The church isn’t going to reach this generation by attempting to speak their language or become better at entertaining them. That might have worked with Generation X because they had inherited so many of their values from the previous generations.

The world that Boomers and Gen Xers grew up in had more similarities than differences. Millennials have grown up in a tech world that bears little resemblance to previous generations. We need to examine the ways that this generation sees the world differently—and then find areas where we can identify with them and demonstrate how the gospel is aligned with them.

4. Why people attend their churches

In March 2017, Gallup presented survey takers with a number of things that might convince them to attend a particular church. Then they asked them to rate them as major factors, minor factors, or not a factor. (They could also choose “no opinion,” which remained one percent throughout.)

Here’s how survey takers responded:

  • Sermons or talks that teach you more about scripture:
    • Major factor: 76%
    • Minor factor: 16%
    • Not a factor: 8%
  • Sermons or lectures that help you connect religion to your own life:
    • Major factor: 75%
    • Minor factor: 16%
    • Not a factor: 8%
  • Spiritual programs geared toward children and teenagers:
    • Major factor: 64%
    • Minor factor: 21%
    • Not a factor: 15%
  • Lots of community outreach and volunteer opportunities:
    • Major factor: 59%
    • Minor factor: 27%
    • Not a factor: 13%
  • Dynamic religious leaders who are interesting and inspiring :
    • Major factor: 54%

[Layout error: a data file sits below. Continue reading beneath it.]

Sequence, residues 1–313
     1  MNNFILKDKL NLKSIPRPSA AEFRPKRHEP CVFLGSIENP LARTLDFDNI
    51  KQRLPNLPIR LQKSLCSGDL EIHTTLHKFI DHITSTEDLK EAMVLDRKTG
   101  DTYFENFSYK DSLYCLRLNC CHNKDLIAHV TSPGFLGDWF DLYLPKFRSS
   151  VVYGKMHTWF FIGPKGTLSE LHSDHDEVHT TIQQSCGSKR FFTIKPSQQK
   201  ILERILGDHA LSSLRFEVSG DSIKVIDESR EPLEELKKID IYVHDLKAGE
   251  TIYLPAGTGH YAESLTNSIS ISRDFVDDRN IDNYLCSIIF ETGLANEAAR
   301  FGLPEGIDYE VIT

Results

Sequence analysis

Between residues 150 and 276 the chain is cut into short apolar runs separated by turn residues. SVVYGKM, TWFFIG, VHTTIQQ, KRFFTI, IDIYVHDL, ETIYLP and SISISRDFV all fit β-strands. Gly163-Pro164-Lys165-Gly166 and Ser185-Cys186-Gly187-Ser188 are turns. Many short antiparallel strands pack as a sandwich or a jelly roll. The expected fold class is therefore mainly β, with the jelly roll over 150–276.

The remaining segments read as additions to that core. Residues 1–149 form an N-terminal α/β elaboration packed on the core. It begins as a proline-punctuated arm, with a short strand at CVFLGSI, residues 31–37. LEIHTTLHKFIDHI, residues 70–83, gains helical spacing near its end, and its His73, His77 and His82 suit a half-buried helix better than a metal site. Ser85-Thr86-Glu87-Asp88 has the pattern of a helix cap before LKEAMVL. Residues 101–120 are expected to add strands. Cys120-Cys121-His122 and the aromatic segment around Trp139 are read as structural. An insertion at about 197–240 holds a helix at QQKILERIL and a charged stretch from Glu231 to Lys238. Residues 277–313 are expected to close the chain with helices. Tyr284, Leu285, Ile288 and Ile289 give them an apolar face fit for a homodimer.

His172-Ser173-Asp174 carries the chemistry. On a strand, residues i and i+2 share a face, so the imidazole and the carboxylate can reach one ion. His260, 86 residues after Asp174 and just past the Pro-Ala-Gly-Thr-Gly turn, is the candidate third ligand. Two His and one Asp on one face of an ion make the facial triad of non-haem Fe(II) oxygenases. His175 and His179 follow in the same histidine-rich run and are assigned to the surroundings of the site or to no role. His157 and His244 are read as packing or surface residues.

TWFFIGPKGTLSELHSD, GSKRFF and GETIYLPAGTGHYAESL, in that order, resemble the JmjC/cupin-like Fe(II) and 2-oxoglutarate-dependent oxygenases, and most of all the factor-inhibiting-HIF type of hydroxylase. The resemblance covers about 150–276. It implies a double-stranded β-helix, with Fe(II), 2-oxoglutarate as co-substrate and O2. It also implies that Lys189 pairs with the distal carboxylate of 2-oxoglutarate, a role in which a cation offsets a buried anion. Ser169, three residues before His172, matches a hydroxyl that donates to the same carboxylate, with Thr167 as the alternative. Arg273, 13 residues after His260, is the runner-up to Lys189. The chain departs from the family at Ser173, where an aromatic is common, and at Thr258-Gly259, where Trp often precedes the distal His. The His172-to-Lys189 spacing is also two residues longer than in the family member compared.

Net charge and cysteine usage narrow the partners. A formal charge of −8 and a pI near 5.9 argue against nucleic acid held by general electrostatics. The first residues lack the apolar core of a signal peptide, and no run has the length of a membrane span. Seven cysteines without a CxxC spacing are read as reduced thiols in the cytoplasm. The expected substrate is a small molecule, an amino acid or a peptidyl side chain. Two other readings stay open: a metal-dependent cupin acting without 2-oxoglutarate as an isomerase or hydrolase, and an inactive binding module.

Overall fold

• Minor factor: 28%
    • Not a factor: 17%
  • Social activities that allow you to get to know people in your community:
    • Major factor: 49%
    • Minor factor: 36%
    • Not a factor: 14%
  • A good choir, praise band, cantors or other spiritual music:
    • Major factor: 49%
    • Minor factor: 36%
    • Not a factor: 14%

What do these statistics tell us?

There are a lot of areas where churches can focus their energy and attention. For the most part, they’re making these decisions based on what they see in churches around them or discern as important from Christian radio, magazines, books, and the blogosphere. It’s eye opening to discover what people are actually looking for.

As is to be expected, sermons and homilies are at the top. People want to learn more about scripture, and they want to learn how their religious beliefs intersect with their personal lives. Next comes spiritual programs aimed at younger people. This area isn’t really a surprise, either. A lot of families end up at church because they want to expose their children to a Christian education.

What’s amazing is where worship music fell in this section. The Christian worship industry is fairly large and exerts a lot of influence. It would be easy to think that a good worship band or program would be a huge factor for convincing someone to commit to a church. Not only does music have the lowest percentage of people who consider it a major factor (38 percent), but one in four people say it’s not a factor at all (25 percent).

Above music, people valued opportunities to volunteer and take part in community outreach. They also wanted more social activities that would help them connect to the people in their communities. Churches would find it interesting to see how their time and budget was spent compared to these answers.

5. Reasons for not attending a church

Gallup then asked the group that seldom/never attended church to rate a selection of reasons why. These survey takers were asked to rate the reasons with major reason, minor reason, or not a reason.

Here’s how they responded:

  • You prefer to worship on your own:
    • Major reason: 44%
    • Minor reason: 21%
    • Not a reason: 34%
  • You don’t like organized religion:
    • Major reason: 36%
    • Minor reason: 25%
    • Not a reason: 37%
  • You aren’t very religious:
    • Major reason: 33%
    • Minor reason: 32%
    • Not a reason: 33%
  • You haven’t found a church or other place of worship that you like: